For the past 30 years, Carol Anniuk has provided accommodation and guides for recreational fishing trips in northwestern Ontario. In normal times, 99% of her clients are American. But more than 15 months after Canada's restrictions on nonessential travel went into effect to slow the spread of COVID-19, Anniuk, the owner of Young's Wilderness Camp, doesn't know when her U.S. clients will be able to cross the border.
"I'm just frustrated," she sighs. Anniuk has taken on a lot of debt since the coronavirus pandemic began in her tourism-dependent area, a six-hour drive from Minneapolis. She bemoans "the lack of communication and the lack of a plan" from the Canadian government on when to begin admitting most visitors from the United States.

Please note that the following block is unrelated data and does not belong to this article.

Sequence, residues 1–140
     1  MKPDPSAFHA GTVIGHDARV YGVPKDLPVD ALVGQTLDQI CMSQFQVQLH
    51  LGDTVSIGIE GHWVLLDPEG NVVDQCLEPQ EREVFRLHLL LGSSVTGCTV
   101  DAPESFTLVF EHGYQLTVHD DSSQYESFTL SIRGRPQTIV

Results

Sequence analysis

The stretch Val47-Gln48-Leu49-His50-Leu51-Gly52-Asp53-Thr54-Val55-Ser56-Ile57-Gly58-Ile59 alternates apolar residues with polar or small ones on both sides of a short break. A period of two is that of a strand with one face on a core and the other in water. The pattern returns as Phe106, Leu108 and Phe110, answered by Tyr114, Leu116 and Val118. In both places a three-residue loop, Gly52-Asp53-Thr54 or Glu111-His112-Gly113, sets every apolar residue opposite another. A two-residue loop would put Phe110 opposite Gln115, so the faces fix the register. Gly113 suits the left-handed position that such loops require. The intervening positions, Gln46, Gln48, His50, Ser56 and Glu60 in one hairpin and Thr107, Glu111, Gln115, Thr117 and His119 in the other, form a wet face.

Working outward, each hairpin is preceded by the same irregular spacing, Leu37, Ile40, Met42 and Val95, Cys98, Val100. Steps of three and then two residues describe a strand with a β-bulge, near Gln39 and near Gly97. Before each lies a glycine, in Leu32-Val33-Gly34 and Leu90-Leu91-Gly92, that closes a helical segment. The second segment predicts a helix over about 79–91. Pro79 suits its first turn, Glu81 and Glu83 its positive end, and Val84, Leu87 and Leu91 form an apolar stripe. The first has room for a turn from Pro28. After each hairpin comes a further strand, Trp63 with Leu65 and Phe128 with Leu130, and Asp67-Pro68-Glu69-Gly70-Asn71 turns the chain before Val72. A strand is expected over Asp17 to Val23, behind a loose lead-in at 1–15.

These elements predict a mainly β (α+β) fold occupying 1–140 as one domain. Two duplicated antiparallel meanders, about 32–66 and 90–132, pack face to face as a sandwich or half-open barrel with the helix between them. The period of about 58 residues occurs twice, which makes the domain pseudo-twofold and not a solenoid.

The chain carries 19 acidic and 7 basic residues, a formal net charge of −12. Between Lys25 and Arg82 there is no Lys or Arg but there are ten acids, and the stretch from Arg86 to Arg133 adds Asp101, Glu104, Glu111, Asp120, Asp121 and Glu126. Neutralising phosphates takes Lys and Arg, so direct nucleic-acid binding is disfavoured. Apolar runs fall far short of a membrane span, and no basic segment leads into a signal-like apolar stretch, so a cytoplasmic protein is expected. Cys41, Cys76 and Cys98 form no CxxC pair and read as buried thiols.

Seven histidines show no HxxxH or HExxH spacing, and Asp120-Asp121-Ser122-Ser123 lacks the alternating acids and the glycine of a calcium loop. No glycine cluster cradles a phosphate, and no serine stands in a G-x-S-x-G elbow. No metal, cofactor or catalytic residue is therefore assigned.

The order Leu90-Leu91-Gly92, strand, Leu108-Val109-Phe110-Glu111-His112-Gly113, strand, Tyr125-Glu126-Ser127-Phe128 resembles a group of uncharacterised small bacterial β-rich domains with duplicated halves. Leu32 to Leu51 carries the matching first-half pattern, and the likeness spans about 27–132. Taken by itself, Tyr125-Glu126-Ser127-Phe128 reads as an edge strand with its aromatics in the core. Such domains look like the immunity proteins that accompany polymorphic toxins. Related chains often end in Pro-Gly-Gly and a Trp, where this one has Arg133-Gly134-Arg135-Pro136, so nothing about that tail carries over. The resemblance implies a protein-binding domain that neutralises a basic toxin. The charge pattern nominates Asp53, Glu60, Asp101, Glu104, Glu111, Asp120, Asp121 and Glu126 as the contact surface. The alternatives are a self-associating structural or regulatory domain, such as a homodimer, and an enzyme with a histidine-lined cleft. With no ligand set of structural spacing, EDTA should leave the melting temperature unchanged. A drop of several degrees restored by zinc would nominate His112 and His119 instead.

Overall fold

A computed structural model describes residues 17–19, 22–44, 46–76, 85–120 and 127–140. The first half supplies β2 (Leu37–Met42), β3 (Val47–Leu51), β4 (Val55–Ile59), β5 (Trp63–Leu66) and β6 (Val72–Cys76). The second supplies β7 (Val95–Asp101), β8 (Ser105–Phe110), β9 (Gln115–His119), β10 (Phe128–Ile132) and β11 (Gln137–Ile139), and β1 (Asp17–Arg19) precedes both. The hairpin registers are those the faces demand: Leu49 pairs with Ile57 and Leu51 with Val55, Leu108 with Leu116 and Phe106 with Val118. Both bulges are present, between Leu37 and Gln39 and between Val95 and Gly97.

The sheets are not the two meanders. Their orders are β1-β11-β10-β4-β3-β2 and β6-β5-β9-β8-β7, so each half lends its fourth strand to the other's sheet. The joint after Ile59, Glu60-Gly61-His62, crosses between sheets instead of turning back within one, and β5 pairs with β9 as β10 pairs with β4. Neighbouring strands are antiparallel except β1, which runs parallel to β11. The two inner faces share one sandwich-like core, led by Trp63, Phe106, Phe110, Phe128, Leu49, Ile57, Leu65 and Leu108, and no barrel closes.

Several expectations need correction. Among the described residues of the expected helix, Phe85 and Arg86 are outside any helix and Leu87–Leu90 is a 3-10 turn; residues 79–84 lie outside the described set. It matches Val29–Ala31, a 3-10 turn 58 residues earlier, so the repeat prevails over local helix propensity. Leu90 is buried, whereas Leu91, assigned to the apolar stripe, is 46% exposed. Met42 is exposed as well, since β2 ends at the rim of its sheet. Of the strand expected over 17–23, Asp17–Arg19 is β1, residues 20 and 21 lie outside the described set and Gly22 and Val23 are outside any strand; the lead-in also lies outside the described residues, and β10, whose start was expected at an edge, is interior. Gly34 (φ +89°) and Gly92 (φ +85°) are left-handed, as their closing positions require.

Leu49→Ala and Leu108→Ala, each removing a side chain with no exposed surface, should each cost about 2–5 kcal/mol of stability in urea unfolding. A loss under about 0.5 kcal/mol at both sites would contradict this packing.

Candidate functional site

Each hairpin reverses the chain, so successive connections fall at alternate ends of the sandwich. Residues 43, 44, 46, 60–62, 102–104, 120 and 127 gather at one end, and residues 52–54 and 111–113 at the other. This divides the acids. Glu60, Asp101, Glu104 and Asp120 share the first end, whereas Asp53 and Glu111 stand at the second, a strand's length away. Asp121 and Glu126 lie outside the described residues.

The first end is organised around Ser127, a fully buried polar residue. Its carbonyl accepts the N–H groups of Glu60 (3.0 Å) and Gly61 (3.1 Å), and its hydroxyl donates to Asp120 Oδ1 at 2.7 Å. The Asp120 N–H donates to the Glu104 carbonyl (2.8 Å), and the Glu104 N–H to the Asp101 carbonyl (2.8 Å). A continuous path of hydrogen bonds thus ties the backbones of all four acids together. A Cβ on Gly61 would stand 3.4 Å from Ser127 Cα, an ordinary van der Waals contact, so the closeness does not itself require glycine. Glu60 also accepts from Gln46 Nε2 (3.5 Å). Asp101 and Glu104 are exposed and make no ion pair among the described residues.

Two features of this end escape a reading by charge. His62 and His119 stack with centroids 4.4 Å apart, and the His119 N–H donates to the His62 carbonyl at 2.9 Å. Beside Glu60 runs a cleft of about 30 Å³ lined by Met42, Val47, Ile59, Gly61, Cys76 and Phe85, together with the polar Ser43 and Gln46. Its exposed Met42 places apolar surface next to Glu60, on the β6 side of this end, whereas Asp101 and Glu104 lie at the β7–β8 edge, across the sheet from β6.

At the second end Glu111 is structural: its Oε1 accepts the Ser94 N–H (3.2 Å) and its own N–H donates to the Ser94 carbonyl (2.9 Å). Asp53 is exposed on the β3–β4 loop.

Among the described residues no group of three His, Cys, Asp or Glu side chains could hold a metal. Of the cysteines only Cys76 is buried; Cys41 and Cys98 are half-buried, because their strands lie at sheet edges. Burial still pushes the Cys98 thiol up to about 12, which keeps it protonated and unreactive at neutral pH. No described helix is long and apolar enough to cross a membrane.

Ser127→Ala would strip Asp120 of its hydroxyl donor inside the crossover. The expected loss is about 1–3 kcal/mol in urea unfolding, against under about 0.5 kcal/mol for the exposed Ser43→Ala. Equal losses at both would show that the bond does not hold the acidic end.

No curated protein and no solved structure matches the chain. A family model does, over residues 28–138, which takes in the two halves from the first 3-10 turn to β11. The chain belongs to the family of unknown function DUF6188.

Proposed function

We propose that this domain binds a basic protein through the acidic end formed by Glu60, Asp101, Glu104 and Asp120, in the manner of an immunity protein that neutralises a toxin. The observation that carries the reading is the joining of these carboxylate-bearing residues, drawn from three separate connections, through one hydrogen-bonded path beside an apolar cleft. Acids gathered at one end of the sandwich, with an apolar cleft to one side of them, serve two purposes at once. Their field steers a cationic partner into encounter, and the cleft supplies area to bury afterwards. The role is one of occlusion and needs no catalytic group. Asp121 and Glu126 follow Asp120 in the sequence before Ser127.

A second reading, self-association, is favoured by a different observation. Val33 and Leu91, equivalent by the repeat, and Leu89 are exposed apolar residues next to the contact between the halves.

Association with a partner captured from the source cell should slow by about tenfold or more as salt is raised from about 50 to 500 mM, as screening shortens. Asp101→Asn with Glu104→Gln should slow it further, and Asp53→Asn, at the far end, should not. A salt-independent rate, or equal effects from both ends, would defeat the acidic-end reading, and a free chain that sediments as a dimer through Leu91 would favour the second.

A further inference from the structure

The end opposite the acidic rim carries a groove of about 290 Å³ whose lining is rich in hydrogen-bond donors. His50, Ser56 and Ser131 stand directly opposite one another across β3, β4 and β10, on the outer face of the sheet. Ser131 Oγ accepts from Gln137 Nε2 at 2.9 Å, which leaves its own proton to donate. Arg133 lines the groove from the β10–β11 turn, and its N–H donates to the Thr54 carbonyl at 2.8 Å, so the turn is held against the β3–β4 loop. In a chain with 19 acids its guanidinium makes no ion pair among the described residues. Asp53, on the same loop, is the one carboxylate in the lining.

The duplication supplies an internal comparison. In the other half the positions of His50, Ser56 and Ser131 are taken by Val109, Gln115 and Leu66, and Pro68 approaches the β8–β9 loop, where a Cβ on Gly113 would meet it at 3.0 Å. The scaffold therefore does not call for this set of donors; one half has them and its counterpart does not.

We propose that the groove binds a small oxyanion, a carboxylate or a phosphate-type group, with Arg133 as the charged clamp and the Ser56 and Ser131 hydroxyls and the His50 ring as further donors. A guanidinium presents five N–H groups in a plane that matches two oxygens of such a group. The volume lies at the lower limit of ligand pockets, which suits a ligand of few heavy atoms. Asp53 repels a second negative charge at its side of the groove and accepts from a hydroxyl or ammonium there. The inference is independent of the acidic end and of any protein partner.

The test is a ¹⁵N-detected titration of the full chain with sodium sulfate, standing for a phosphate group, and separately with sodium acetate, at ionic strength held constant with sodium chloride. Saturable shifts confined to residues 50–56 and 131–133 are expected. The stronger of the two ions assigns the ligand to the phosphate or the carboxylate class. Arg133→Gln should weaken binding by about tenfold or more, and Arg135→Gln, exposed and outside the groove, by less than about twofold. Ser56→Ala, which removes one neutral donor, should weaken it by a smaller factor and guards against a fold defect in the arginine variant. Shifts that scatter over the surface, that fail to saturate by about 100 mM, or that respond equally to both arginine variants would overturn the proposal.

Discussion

Canadians can fly to the U.S. but can't cross by land, and most non-Canadians cannot enter Canada either by land or by air. The two countries continue to extend their travel measures — which are not the same in both directions — month by month.
In the latest step, which began July 5, the Canadian government lifted a mandatory 14-day quarantine for fully vaccinated Canadians and permanent residents returning to Canada. However, federal ministers have resisted providing a timeline or clear benchmarks for next steps in admitting more visitors.
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